Part 1 – What You Should Know About Arthritis

In this Part 1 of 3 series, you will find information on the two most common forms of arthritis, namely osteoarthritis arthritis and rheumatoid arthritis.

Part 2 will cover the signs and symptoms of both types of arthritis.

Part 3 will be the best treatments options for arthritis sufferers.

All 3 series will be delivered during the month of April 2015.

Part 1 – The Two Most Common Forms of Arthritis

I’m sure everyone of us either knows someone who has arthritis or has at least heard of this disease. Arthritis is the inflammation of one or more of your joints, and the same word is used to describe over 100 different conditions and diseases that affect joints, tissues around joints, as well as other connective tissues.

“But I’m not that old so I can’t have arthritis!” Although it’s common that adults 65 and older are affected by arthritis, it can affect people of all ages, ethnic groups, and races. A shocking statistic shows that approximately 1 out of 5 adults in the United States have been diagnosed with some type of arthritis. With that said, here are few of the most important things you should know about arthritis.

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What are the most common types of Arthritis that people generally suffer from?

There are two common forms of arthritis, osteoarthritis arthritis and rheumatoid arthritis.

1. Osteoarthritis arthritis

This is the most common form of arthritis in the world. Often referred to as “wear and tear arthritis,” osteoarthritis (OA) affects approximately 27 million people in just USA. It is also sometimes called degenerative arthritis or degenerative joint disease generally affecting people older than 65.

What does osteoarthritis do?

Osteoarthritis breaks downs the cartilage that covers the ends of the bones. This important cartilage is what forms a joint and allows movement. Over time as the cartilage degenerates, the bones tend to become exposed with no cartilage present to protect the ends of the bones. Consequently, bones rub against each other. This deterioration of cartilage affects the shape of the joint so that it no longer functions as it should.

In addition, there are other problems that may take place in the joint itself. The breakdown of cartilage can affect the joint components. This is where fragments of cartilage or bone may float in the joint fluid, causing not only irritation but pain as well.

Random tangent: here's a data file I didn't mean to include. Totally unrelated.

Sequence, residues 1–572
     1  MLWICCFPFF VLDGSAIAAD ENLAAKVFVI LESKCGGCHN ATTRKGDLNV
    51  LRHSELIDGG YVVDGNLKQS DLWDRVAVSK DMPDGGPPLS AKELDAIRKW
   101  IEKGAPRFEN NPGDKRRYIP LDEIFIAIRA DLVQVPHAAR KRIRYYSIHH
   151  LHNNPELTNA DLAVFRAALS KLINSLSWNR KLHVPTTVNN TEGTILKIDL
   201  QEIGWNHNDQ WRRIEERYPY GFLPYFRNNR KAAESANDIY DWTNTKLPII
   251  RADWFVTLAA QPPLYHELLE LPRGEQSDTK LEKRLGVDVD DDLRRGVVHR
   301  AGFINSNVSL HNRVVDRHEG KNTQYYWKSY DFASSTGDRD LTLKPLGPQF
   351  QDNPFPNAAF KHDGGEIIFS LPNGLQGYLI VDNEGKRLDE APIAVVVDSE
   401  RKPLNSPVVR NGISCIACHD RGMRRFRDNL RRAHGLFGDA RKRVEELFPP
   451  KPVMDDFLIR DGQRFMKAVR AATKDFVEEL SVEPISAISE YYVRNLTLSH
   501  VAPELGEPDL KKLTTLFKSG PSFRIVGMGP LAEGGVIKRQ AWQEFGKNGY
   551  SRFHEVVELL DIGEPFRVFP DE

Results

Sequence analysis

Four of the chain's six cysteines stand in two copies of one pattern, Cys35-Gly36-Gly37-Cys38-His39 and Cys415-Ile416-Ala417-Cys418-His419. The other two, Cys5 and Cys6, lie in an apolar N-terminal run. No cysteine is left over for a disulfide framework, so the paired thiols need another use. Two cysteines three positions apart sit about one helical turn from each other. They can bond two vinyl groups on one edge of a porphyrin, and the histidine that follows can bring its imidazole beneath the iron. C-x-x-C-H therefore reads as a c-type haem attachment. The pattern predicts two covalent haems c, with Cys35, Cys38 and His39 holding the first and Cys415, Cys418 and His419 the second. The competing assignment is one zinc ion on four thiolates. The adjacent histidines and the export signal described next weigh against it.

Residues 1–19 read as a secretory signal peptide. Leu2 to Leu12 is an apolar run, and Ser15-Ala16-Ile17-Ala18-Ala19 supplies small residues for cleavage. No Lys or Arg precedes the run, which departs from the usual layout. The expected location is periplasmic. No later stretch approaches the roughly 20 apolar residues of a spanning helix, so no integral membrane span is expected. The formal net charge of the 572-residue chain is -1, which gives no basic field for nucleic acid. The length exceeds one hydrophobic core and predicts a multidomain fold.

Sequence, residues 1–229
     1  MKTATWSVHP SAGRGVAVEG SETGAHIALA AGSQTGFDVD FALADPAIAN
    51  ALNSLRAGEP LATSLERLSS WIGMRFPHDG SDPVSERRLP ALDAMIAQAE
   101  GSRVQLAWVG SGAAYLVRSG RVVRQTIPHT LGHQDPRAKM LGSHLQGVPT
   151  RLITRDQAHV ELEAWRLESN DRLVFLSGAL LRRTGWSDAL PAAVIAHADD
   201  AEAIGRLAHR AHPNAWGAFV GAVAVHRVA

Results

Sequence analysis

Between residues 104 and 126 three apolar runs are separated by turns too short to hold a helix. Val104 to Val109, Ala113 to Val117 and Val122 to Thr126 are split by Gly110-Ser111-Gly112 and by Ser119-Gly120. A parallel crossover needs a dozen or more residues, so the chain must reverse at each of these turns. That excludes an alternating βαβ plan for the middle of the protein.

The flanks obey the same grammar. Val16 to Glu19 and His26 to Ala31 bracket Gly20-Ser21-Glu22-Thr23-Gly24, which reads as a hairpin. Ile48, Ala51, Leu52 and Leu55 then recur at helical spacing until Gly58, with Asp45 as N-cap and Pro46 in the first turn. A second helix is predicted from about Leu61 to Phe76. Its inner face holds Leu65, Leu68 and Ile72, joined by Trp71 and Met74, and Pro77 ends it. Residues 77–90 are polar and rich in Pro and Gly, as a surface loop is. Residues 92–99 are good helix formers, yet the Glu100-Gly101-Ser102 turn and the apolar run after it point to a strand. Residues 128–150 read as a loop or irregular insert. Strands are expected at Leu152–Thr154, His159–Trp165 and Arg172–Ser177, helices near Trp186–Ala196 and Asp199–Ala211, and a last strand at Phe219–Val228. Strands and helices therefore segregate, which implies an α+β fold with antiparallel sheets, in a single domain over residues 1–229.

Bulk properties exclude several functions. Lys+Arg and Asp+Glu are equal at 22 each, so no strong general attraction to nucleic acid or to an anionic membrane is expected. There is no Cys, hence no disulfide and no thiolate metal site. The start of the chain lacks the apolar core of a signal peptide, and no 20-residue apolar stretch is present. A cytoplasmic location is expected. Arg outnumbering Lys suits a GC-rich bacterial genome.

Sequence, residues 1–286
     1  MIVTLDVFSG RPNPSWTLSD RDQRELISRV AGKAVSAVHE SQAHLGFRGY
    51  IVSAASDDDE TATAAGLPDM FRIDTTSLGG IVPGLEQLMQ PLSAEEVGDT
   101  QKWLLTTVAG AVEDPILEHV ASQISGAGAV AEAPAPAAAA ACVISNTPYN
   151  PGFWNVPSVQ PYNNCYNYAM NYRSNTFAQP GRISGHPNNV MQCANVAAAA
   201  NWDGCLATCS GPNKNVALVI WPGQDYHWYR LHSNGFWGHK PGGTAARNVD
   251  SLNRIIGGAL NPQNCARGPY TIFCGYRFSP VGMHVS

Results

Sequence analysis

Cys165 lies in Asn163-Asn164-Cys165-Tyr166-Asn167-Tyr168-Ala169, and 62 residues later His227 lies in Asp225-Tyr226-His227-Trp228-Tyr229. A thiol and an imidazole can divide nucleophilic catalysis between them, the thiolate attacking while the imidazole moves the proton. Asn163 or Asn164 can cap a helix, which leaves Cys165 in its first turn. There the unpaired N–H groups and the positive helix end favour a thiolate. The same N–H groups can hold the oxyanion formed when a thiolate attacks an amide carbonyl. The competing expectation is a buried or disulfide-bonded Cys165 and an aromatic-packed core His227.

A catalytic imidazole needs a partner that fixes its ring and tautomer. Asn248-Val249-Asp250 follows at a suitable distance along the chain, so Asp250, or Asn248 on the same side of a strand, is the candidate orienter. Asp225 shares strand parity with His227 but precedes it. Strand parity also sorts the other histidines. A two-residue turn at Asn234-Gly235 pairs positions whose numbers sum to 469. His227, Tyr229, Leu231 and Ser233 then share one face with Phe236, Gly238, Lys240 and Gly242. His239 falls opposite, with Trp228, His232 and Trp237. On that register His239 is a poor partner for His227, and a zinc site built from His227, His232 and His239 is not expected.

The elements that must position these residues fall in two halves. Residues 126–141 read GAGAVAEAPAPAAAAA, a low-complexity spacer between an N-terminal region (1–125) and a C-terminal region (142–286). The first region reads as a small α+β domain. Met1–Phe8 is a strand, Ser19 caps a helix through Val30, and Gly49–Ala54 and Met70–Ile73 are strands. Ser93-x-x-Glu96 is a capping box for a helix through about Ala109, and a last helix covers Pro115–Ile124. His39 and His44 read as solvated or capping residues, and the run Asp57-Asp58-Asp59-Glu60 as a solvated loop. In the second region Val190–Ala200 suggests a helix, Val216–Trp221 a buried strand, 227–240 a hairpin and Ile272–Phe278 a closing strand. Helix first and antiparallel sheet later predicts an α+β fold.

Osteophytes, or spurs, can develop at the ends of the bones. This damages the tissues that surround the bones also causing pain. Hyaluronan, a substance found in the fluid that is inside the joint, might affect the ability of the joint to absorb shock. To make matters worse, inflammation may also occur in the lining of the joint, due to the cartilage breakdown.

2. Rheumatoid Arthritis

Rheumatoid arthritis (RA) is similar to osteoarthritis, for the reason that they both affect the joints. But the difference is that RA is a disease that is autoimmune in nature. This is where the immune system of the body, which is normally supposed to protect our bodies from infection by attacking viruses and bacteria, attacks the healthy tissues of the joint, causing inflammation of the lining of the joint. As of writing this, no one fully understands why it happens, but for some reason rheumatoid arthritis causes the immune system to go haywire and attacks healthy cells such as the synovium.

Snovium is a very important thin membrane that lines the joints. This attack causes fluid buildup in the joints, which can cause pain, stiffness, inflammation and redness. Over time, the cartilage wears away, the joint loses its shape, and bones erode, affecting not only function but mobility as well. Because of this, the inflammation then affects organs such as the skin, eyes, blood, heart, and lungs. RA is an ongoing disease, with flares (active periods of pain and inflammation) that disappears and reappears randomly.

What does rheumatoid arthritis affect?

Rheumatoid arthritis most commonly affects the joints of the hands, wrists, elbows, knees, feet, and ankles. If one joint gets affected then the same joint on the other side or opposite side of the body is affected as well.

As far as I know, no single laboratory test that can confirm a diagnosis of RA. If your doctor suspects you might have rheumatoid arthritis, the first thing he will do is study your medical history and gather specific information about your symptoms. Some of the questions that my doctor asked me include: Do you have pain in several joints? Do you experience stiffness in the morning? Are you often fatigued? The doctor will then give you a physical exam looking for swelling, warmth, tenderness, limited motion in your joints, or nodules under the skin.

Currently, this disease has no cure and the symptoms often come and go. If your doctor has diagnosed you with RA, you are not alone. This disease affects approximately 1.5 million people in just the United States. In addition, women are three times more likely to suffer from this disease than men are. Although it can begin at any age, even as a child, the usual age for adults are between the ages of 40 and 60 years old.

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